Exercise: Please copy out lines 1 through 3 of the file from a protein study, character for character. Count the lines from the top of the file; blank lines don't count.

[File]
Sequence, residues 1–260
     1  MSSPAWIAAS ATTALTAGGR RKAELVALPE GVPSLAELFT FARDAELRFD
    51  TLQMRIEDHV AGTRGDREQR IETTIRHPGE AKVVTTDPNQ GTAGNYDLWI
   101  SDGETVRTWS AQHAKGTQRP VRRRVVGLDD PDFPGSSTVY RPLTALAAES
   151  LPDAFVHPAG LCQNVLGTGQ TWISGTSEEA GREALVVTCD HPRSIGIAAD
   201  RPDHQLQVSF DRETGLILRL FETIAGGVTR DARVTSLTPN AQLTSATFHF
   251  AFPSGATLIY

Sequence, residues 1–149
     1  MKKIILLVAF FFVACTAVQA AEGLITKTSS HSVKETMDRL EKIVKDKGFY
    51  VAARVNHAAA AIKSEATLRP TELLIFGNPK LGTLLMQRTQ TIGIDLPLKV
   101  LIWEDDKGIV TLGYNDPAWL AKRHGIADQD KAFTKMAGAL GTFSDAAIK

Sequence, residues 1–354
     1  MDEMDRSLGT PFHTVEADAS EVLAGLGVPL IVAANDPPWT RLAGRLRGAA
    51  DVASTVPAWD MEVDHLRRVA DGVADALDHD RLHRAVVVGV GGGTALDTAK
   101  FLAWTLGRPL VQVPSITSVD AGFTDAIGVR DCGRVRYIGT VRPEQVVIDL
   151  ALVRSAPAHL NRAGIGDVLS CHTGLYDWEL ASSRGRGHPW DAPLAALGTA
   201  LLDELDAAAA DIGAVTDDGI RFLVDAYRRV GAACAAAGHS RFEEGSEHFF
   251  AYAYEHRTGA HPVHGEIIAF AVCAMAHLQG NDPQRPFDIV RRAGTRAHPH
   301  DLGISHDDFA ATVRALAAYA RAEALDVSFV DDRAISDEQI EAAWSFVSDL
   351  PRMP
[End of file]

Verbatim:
Sequence, residues 1–260
     1  MSSPAWIAAS ATTALTAGGR RKAELVALPE GVPSLAELFT FARDAELRFD
    51  TLQMRIEDHV AGTRGDREQR IETTIRHPGE AKVVTTDPNQ GTAGNYDLWI